Thus far, 2009’s releases have done little to fire up the charts, with most of this year’s strongest-selling albums being holdovers from 2008. While Rascal Flatts, Jason Aldean, and Keith Urban have sold strongly, the chart remains dominated by last year’s releases from Taylor Swift, Sugarland, Zac Brown Band, Lady Antebellum, Darius Rucker, and Jamey Johnson.
So what’s left for 2009? Here’s what we know so far:
- Carrie Underwood will release her third studio album on November 3, with a lead single going to radio this fall. Her previous set, Carnival Ride, is nearing sales of 3 million, and produced four #1 singles and a #2 single, all five of which were certified gold in their own right.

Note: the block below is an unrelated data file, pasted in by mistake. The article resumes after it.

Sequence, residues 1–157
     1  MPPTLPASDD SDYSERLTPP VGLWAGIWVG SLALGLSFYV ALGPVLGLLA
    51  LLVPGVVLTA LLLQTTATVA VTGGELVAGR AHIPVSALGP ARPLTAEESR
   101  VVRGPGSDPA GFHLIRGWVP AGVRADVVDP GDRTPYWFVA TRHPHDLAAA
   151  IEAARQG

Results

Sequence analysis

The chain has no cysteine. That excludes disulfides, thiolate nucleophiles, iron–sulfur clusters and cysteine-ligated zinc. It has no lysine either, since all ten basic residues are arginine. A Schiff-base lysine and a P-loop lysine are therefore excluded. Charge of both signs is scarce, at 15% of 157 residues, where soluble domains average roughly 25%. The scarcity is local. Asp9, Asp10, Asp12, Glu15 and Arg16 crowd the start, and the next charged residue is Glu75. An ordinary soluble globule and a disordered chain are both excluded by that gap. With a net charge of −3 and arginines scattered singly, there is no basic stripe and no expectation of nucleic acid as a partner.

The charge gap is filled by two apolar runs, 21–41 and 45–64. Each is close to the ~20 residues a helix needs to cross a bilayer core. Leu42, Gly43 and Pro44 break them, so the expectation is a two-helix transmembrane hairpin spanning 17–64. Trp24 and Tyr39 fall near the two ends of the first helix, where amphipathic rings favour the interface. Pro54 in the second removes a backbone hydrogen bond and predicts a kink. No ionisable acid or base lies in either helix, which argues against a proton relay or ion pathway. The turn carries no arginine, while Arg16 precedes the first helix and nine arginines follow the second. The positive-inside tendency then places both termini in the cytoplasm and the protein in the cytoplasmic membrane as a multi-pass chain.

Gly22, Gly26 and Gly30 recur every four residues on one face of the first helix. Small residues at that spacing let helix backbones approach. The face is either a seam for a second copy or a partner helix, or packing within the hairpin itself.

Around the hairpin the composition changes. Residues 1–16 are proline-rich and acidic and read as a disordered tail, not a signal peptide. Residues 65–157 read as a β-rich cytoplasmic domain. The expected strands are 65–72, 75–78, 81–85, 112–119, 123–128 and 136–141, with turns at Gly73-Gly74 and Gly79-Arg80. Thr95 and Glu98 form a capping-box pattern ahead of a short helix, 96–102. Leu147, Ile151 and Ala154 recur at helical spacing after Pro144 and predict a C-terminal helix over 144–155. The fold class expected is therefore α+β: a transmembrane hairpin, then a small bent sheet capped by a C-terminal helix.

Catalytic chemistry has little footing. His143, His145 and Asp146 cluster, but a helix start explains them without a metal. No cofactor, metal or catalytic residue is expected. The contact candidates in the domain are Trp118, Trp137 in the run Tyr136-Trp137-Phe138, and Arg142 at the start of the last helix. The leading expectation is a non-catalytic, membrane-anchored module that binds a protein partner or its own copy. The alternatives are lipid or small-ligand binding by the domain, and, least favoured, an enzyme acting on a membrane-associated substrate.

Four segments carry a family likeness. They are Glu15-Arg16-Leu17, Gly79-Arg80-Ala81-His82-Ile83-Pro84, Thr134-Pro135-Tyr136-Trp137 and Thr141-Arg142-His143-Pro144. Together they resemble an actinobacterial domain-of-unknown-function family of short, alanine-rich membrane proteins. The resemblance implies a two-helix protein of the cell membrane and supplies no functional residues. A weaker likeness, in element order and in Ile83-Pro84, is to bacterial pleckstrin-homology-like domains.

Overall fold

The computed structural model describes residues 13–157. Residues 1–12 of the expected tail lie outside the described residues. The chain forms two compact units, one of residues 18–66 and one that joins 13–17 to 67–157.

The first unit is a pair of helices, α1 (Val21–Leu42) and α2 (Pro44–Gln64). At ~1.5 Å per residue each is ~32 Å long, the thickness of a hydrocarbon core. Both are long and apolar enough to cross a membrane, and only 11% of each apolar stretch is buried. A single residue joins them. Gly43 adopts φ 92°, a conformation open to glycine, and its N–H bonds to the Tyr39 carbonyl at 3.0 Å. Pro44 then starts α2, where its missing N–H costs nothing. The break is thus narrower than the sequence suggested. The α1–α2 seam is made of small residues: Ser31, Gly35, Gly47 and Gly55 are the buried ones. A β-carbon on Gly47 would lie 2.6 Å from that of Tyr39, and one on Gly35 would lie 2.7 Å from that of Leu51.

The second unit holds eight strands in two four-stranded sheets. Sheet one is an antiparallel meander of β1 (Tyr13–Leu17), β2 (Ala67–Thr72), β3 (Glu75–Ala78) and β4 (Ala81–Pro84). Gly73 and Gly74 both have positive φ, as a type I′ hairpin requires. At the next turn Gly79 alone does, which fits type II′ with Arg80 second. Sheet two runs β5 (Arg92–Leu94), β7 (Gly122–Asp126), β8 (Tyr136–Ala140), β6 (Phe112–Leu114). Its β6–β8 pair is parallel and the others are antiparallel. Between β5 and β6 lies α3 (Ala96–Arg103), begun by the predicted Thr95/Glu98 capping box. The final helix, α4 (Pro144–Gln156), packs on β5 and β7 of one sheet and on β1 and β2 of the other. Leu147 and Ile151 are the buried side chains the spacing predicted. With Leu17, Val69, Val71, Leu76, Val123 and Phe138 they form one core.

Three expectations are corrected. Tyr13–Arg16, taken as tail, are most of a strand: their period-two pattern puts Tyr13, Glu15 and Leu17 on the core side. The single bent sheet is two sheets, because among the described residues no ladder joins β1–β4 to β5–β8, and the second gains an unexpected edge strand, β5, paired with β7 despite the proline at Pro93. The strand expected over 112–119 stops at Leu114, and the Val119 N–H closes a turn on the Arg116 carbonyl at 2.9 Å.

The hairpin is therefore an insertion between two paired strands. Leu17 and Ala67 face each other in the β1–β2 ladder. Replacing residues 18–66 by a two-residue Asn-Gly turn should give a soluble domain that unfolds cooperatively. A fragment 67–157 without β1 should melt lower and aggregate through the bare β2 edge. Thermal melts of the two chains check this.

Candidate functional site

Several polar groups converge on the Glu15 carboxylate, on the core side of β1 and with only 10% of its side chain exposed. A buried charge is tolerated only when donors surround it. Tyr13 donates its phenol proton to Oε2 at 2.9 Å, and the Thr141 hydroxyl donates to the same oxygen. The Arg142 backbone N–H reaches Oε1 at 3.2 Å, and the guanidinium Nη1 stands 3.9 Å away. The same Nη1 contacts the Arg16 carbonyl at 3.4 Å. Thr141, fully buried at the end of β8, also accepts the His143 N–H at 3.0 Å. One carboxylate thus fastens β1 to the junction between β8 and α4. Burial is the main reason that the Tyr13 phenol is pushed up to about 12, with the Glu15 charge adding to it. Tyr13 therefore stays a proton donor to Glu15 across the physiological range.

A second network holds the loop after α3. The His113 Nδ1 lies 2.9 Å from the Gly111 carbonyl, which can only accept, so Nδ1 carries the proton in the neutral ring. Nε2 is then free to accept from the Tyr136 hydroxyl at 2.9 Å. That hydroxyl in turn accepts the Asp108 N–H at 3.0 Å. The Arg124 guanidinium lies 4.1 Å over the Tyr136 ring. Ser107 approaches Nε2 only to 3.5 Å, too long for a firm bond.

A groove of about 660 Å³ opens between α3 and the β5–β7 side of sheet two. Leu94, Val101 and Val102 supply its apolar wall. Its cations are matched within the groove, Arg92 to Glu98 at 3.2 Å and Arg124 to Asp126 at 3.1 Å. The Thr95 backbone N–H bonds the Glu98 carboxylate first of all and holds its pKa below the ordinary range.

- George Strait will release Twang on August 11. It’s the follow-up to his 33rd platinum album Troubadour, a set which produced his 43rd #1 single and earned him the first Grammy of his career, along with a pair of CMA trophies (Single and Album)
- Miranda Lambert is readying Revolution for September 29. Lead single “Dead Flowers” is struggling at radio, but that’s never slowed her down at retail anyway.
- Reba McEntire’s Valory debut Keep on Lovin’ You arrives August 18. Lead single “Strange” is approaching the top ten.
- Willie Nelson releases another standards collection called American Classic on August 25.
- Brooks & Dunn’s new studio album streets on September 8, preceded by lead single “Indian Summer.” The duo’s previous set, Cowboy Town, was their first to fall short of gold certification.